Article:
Coker v Akron Police, et al

Filing 3

Memorandum Opinion and Order: This action is dismissed pursuant to 28 U.S.C. Section 1915(e). Pursuant to 28 U.S.C. Section 1915(a)(3), an appeal from this decision could not be taken in good faith.(Related Doc # 1 ). Judge Sara Lioi on 3/13/2017. (P,J)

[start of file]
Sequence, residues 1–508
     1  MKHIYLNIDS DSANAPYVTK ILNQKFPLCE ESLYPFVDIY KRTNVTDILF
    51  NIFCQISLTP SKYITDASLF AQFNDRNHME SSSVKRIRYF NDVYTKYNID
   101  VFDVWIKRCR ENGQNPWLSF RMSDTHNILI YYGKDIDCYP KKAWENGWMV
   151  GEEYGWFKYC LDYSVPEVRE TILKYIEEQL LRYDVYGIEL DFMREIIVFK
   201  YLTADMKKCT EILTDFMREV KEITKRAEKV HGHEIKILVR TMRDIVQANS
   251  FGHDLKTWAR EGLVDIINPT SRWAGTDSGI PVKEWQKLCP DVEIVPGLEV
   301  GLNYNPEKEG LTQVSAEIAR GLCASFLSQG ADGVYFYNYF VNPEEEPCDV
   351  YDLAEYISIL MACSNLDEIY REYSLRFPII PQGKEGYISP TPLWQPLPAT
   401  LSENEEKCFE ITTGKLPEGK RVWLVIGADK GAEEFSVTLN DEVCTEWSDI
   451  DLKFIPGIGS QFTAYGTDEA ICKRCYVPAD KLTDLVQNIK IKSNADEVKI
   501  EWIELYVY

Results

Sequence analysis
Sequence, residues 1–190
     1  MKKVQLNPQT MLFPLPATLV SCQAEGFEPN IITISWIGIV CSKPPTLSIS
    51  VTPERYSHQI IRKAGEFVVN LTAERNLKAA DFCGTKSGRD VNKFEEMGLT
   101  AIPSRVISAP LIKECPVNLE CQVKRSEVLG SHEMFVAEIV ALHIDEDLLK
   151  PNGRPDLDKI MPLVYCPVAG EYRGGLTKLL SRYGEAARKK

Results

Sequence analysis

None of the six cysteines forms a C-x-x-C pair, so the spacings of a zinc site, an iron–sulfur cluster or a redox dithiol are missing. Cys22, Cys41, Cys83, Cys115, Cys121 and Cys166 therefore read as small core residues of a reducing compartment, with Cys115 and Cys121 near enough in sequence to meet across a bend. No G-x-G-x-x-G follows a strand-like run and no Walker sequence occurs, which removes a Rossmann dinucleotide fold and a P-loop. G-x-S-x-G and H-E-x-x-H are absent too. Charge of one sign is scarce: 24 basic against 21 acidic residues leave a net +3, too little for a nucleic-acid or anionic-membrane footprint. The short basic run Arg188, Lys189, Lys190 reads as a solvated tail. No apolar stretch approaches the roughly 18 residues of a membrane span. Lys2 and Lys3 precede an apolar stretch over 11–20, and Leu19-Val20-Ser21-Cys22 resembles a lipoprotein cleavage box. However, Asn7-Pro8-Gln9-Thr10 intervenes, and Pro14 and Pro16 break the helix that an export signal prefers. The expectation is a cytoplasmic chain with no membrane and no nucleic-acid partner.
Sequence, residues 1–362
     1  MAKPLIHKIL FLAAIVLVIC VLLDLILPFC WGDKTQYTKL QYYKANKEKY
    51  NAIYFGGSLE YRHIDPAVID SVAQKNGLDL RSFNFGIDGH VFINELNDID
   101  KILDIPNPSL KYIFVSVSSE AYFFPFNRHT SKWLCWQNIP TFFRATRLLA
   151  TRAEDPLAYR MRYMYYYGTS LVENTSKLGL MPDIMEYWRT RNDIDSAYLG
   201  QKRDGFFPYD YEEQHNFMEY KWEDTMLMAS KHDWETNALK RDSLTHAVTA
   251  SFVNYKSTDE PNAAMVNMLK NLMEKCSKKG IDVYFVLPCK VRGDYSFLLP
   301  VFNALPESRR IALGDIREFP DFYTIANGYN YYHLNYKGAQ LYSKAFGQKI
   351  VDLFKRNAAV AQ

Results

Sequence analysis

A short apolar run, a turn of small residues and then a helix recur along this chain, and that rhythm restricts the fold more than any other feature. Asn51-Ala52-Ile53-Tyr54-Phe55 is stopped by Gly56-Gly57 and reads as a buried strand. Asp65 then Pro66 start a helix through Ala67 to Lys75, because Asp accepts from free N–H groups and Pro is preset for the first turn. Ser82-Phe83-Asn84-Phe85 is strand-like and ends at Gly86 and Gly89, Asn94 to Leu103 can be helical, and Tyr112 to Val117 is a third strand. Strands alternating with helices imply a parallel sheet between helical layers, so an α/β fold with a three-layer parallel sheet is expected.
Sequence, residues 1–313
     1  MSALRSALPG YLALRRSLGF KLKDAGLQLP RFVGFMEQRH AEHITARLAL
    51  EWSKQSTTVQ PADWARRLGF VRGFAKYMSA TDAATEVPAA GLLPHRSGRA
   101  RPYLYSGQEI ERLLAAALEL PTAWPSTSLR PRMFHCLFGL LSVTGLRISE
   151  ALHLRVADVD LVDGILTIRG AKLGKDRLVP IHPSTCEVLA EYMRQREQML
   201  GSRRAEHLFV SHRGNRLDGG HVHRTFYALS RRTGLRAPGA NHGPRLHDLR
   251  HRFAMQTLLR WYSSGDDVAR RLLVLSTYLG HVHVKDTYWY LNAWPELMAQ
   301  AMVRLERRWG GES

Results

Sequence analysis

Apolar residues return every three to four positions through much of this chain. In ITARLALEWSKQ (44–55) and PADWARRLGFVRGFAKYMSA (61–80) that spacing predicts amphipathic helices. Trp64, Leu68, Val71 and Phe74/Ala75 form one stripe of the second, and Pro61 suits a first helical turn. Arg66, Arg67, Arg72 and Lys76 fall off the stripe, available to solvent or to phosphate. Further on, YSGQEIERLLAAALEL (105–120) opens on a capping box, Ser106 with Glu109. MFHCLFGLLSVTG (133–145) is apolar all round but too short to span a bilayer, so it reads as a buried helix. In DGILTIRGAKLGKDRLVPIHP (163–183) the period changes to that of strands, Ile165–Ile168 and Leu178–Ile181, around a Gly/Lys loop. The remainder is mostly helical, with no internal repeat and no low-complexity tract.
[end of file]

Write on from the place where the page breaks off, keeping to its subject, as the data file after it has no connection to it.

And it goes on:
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UNITED STATES DISTRICT COURT NORTHERN DISTRICT OF OHIO EASTERN DIVISION NATHANIEL J. COKER, PLAINTIFF, vs. AKRON POLICE, et al, DEFENDANTS. ) ) ) ) ) ) ) ) ) ) ) CASE NO. 5:16-cv-2925 JUDGE SARA LIOI MEMORANDUM OF OPINION Pro se plaintiff Nathaniel J. Coker filed this action against the Akron Police and “APD #1331.” (Doc. No. 1 at 1). Plaintiff’s complaint is nearly incomprehensible, and alleges only that he was stopped by an Akron Police Officer for a traffic offense. He does not clearly indicate the legal claims he is attempting to assert and does not specify the relief he seeks. I. Background In its entirety, Plaintiff’s complaint states: Nathaniel J. Coker, being duly sworn, say [sic] that, the Respondents, City of Akron, employees, et al, has [sic] taken oaths and should not be blasphemous with influential conspicuous in order to violate Civil and Constitutional Rights; it’s Dereliction and Conspiracy. Coker, request, [sic] Freedom of Information. Complaint, Coker, assert, [sic] Akron Police, Judge, et al, has [sic] unceasingly, obstructed, hampered, impeded, on his Civil and Human Rights [Ref: Complaint filed with Akron Police, summer (year 2016); drug test and meetings every week, was under Duress and Coercion, Case # 16051469]. Also, November 12, 2016, Mr. Coker was stopped by Akron Police (APD 1331) for allegedly no light on license plate [attached ticket #A57445 Traffic Offense 02 Remarks (3), more conflict in ticket]. In conclusion: Herein show [sic] clear and convincing evidence, Akron Police, et al, conspired to fabricate probable cause that violate [sic] Civil and Constitutional rights; it’s a crime. (Doc. No. 1 at 1). He does not specify the relief he seeks from the Defendants. II. Standard of Review Although pro se pleadings are liberally construed, Boag v. MacDougall, 454 U.S. 364, 365, 102 S. Ct. 700, 70 L. Ed. 2d 551 (1982) (per curiam); Haines v. Kerner, 404 U.S. 519, 520, 92 S. Ct. 594, 30 L. Ed. 2d 652 (1972), the Court is required to dismiss an in forma pauperis action under 28 U.S.C. § 1915(e) if it fails to state a claim upon which relief can be granted, or if it lacks an arguable basis in law or fact. Neitzke v. Williams, 490 U.S. 319, 109 S. Ct. 1827, 104 L. Ed. 2d 338 (1989); Lawler v. Marshall, 898 F.2d 1196 (6th Cir. 1990); Sistrunk v. City of Strongsville, 99 F.3d 194, 197 (6th Cir. 1996). A claim lacks an arguable basis in law or fact when it is premised on an indisputably meritless legal theory or when the factual contentions are clearly baseless. Neitzke, 490 U.S. at 327. A cause of action fails to state a claim upon which relief may be granted when it lacks plausibility in the complaint. Bell Atl. Corp. v. Twombly, 550 U.S. 544, 564, 127 S. Ct. 1955, 167 L. Ed. 2d 929 (2007). A pleading must contain a short and plain statement of the claim showing that the pleader is entitled to relief. Ashcroft v. Iqbal, 556 U.S. 662, 677-78, 129 S. Ct. 1937, 173 L. Ed. 2d 868 (2009). The factual allegations in the pleading must be sufficient to raise the right to relief above the speculative level on the assumption that all the allegations in the complaint are true. Twombly, 550 U.S. at 555. The plaintiff is not required to include detailed factual allegations, but must provide more than an unadorned, the defendant-unlawfully-harmed-me accusation. Iqbal, 556 U.S. at 678. A pleading that offers legal conclusions or a simple recitation of the elements of a cause of action will not meet this pleading standard. Id. In reviewing a complaint, the Court must construe the pleading in the light most favorable to the plaintiff. Bibbo v. Dean Witter Reynolds, Inc., 151 F.3d 559, 561 (6th Cir. 1998). III. Analysis Plaintiff’s complaint does not meet the basic notice pleading requirements needed to state a claim for relief. At a minimum, the complaint must give the defendants fair notice of what the plaintiff’s claims are and the grounds upon which they rest. Bassett v. National Collegiate Athletic Ass’n, 528 F.3d 426, 437 (6th Cir. 2008). Plaintiff’s complaint does neither of those things. He alleges he was stopped by an Akron Police Officer for having no license plate light, but provides no other factual allegations in his pleading. Furthermore, he states, without explanation, that Akron police conspired to fabricate probable cause. Conspiracy claims must be pled with some degree of specificity, and vague and conclusory allegations unsupported by material facts will not be sufficient to state a claim. Gutierrez v. Lynch, 826 F.2d 1534, 1538 (6th Cir. 1987). Principles requiring generous construction of pro se pleadings are not without limits. See Wells v. Brown, 891 F.2d 591, 594 (6th Cir. 1989); Beaudett v. City of Hampton, 775 F.2d 1274, 1277 (4th Cir. 1985). District courts are not required to conjure up questions never squarely presented to them or to construct full blown claims from sentence fragments. Beaudett, 775 F.2d at 1278. To do so would “require ... [the courts] to explore exhaustively all potential claims of a pro se plaintiff, ... [and] would ... transform the district court from its legitimate advisory role to the improper role of an advocate seeking out the strongest arguments and most successful strategies for a party.” Id. at 1278. Moreover, plaintiff’s failure to identify a particular legal theory in his complaint places an unfair burden on the defendants to speculate on the potential claims that plaintiff may be raising against them and the defenses they might assert in response to each of these possible causes of action. See Wells v. Brown, 891 F.2d at 594. Even liberally construed, the complaint does not meet the basic federal notice pleading requirements in Federal Civil Procedure Rule 8. IV. Conclusion For all the foregoing reasons, this action is dismissed pursuant to 28 U.S.C. § 1915(e). Pursuant to 28 U.S.C. § 1915(a)(3), an appeal from this decision could not be taken in good faith. IT IS SO ORDERED. Dated: March 13, 2017 HONORABLE SARA LIOI UNITED STATES DISTRICT JUDGE